By Rupini Alla
Cristine came to BHS in January, but she has been reading the book since she started high school in Missouri, where she and a friend had a contest going to see who could read it more times in a month.
“It started off as a race but then I just couldn’t stop reading it,” Marsala said.
The story is about a boy named Charlie who writes letters to an anonymous person about his life. He starts off his story when he is a little boy and writes the letters as things happen in his life.
“I like the fact that it’s really close to being a trashy romance, but then again it’s set in an adolescent point of view,” Marsala said. “Basically I could connect with this book more than any other book I have ever read in my whole life.”
The book is 213 pages, but Cristine experiences the same thrill reading it today as she did the first time she set eyes on it freshman year.
“I notice new meanings in the same things that I have read,” she said. Things that she thought she had understood the first time have changed as the years go by. She interprets some of the meanings of the book differently.
“To me the book is inspirational. Almost everything that goes on in the book has happened to me – not detail-for-detail, but when I read the book I feel like I can take myself in a different direction than Charlie actually did,” Marsala said.
Inspiration is just one reason for re-reading a favorite book again and again. It is a phenomenon that many people have tried to explain. New York Times editor Verlyn Klinkenborg notes that repetition has been ingrained into humans from a very young age.
“The love of repetition seems to be ingrained in children. And it is certainly ingrained in the way children learn to read —
witness the joyous and maddening love of hearing that same bedtime book read aloud all over again, word for word, inflection for inflection,” Klinkenborg wrote in a column last year.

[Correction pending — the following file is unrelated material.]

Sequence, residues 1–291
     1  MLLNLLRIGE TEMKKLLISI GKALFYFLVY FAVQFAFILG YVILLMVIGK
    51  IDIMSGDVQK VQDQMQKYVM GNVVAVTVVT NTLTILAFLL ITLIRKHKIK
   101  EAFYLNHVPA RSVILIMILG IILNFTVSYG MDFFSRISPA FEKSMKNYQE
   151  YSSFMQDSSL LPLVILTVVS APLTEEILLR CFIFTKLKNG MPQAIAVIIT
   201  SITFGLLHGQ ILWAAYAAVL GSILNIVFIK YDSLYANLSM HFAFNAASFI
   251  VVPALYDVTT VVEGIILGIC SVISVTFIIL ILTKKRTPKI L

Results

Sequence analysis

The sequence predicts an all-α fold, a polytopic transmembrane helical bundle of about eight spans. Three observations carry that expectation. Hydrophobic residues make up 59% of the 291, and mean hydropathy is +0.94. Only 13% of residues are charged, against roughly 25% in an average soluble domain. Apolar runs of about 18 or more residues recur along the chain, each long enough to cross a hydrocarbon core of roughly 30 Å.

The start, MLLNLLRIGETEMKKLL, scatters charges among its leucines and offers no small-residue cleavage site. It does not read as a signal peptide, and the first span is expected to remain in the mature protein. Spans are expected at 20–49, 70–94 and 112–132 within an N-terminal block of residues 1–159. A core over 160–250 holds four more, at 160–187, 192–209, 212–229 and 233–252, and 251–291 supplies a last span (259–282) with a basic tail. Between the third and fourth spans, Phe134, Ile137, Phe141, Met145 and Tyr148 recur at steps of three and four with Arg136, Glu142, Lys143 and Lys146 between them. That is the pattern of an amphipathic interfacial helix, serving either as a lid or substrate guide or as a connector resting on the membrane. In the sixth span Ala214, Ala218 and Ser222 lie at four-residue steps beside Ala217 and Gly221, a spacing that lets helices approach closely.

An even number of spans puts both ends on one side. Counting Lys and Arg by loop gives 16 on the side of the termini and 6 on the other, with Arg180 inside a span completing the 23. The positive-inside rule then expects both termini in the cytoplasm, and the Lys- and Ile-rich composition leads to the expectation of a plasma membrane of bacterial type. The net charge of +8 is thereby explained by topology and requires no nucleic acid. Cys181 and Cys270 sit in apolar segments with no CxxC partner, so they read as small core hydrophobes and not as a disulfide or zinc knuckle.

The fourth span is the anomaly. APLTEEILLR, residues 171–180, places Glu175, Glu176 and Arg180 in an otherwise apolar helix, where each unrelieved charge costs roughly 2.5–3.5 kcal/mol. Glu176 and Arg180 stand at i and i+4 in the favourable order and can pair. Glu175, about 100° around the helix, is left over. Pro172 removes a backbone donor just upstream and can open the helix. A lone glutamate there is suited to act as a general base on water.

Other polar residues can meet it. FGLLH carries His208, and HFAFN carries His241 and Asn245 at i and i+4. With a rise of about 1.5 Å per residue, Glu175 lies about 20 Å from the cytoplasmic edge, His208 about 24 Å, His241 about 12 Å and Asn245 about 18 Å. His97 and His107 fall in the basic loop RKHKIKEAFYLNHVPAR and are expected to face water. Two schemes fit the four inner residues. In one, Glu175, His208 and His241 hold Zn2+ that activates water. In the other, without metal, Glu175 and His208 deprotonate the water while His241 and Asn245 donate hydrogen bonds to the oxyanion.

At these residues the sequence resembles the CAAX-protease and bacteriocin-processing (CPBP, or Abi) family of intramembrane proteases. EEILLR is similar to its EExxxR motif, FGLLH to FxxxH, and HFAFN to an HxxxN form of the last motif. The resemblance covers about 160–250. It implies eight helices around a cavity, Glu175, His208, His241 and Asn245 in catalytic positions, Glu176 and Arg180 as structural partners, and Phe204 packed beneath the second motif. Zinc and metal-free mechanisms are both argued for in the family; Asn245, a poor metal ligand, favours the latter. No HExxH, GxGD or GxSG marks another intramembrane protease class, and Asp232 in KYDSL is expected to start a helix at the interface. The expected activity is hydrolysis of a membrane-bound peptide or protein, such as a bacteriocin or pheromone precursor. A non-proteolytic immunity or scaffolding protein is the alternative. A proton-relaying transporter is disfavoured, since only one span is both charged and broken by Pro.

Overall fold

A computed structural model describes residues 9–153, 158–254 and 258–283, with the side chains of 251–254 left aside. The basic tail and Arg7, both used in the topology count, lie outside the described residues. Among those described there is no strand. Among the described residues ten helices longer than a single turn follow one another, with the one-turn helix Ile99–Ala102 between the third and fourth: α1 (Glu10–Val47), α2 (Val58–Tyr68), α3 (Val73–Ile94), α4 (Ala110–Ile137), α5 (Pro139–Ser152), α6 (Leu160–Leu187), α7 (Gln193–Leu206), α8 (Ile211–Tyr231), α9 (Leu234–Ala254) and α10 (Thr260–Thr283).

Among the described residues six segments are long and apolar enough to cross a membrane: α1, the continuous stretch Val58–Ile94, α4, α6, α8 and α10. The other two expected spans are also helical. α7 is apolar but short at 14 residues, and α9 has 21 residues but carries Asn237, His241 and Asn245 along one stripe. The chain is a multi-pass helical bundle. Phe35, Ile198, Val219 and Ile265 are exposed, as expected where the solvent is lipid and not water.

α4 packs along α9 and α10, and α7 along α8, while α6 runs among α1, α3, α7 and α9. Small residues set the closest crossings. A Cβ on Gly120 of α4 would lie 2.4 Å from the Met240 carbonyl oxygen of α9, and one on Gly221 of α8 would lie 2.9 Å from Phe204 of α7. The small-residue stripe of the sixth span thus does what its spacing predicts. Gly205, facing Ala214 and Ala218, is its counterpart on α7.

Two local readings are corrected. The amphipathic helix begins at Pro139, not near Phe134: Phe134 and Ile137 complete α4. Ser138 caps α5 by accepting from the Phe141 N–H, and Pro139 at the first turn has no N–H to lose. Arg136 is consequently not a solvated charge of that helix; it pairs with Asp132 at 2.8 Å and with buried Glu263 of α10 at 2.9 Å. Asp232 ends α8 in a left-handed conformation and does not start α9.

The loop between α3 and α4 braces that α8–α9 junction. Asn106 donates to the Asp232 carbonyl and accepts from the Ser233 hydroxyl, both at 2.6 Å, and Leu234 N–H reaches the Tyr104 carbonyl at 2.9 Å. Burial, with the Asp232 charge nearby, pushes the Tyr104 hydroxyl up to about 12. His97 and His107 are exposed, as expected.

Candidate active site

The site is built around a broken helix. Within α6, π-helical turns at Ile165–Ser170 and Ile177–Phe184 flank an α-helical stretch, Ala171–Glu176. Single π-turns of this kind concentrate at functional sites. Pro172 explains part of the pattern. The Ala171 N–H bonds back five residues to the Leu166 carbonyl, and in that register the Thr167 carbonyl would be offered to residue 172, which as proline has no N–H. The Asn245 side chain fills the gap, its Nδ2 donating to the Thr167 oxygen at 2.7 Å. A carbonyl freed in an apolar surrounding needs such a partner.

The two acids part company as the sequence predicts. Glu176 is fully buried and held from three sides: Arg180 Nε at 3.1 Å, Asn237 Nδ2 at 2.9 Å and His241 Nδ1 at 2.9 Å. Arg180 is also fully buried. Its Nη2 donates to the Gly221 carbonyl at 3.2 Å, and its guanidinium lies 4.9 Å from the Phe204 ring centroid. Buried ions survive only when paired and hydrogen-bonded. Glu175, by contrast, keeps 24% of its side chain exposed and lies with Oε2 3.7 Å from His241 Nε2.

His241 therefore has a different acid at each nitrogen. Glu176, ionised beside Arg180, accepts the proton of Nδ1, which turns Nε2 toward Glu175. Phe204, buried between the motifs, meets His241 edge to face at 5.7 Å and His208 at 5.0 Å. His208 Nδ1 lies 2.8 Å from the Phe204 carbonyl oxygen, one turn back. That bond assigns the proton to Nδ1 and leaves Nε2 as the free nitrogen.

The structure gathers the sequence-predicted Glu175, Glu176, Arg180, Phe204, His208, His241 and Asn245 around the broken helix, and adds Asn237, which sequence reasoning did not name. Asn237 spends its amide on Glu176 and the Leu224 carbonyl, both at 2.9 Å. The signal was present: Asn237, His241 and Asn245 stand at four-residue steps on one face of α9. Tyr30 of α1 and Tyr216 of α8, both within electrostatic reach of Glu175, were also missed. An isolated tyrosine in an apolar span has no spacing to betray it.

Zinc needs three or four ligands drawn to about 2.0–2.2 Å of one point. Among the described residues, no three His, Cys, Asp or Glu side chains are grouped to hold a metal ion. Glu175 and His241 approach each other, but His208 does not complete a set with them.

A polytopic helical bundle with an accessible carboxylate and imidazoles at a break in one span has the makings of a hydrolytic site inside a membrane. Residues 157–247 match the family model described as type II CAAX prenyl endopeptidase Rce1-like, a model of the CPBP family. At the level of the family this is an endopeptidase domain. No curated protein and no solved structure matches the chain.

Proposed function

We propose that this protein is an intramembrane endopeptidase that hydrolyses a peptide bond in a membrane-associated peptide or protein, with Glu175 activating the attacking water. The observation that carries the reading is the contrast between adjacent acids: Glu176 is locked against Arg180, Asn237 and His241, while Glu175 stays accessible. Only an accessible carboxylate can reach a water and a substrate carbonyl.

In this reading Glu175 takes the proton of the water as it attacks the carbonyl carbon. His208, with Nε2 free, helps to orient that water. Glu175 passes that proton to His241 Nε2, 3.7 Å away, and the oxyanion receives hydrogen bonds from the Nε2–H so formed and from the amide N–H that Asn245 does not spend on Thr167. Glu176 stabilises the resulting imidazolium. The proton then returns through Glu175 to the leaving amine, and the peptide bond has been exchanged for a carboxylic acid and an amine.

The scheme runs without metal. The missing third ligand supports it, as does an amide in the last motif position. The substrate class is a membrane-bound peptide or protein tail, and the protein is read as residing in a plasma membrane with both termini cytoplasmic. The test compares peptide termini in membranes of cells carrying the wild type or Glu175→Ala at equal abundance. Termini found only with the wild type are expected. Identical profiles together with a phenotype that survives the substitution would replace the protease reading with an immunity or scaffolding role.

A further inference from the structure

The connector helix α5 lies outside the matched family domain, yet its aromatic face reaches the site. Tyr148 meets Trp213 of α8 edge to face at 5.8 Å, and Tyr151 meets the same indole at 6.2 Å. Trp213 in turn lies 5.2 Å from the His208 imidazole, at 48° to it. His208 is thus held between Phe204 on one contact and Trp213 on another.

It’s this kind of joy in repetition that seems to drive sophomore Sabrina Pederson, who has read some books in J.K. Rowling’s Harry Potter series numerous times.
“For Harry Potter, it is like memorizing it over and over again,” Pederson said. “I do it because the more I read them over, the more I know about the characters and the story.”
Again, as school librarian Ms. Riley points out, it all seems to go back to childhood.
“Little kids love reading books like ‘Good Night Moon’ and ‘Brown Bear’ because they can remember them better. They love repetitive books,” Ms. Riley said.
One reason children may love repetition is for the comfort and stability of something familiar. This may be true of big kids, as well, as sophomore Michelle Lee explained.
“I read a book several times because no matter what is going on in my life, I will always know what is going to happen in the story, and that is just a little bit comforting,” Lee said.
Blogger Julia Buckley makes this same point, suggesting that re-reading can be like visiting an old friend from your past.
“I go to meet the story the way I would an old friend, perhaps for lunch or something,” she writes on Blogspot. “I remember everything I love about this friend...it’s the same joy.”
Many people who re-read favorite books say they notice something new each time, as Lee does with Harry Potter. Klinkenborg says that he forgets parts of the book, so they seem knew. His second theory, however, takes a deeper look, suggesting that each time you come back to the story, you are a different person.
“The real secret of re-reading is simply this: It is impossible. The characters remain the same, and the words never change, but the reader always does. Pip is always there to be revisited, but you, the reader, are a little like the convict who surprises him in the graveyard — always a stranger,” Klinkenborg writes.
For Cristine, who has been returning to the “The Perks of Being a Wallflower” for four years, her life and her perspectives certainly change between readings. She is different, and the conversations she has with the book are different.
But the main character, Charlie, always seems to give her a sense of direction.
“He gets into trouble the same way that I’ve been in trouble,” Marsala said. “The way he deals with it is different than the way I dealt with it, but when I know how he went through it, it helps me figure out how to do it differently.”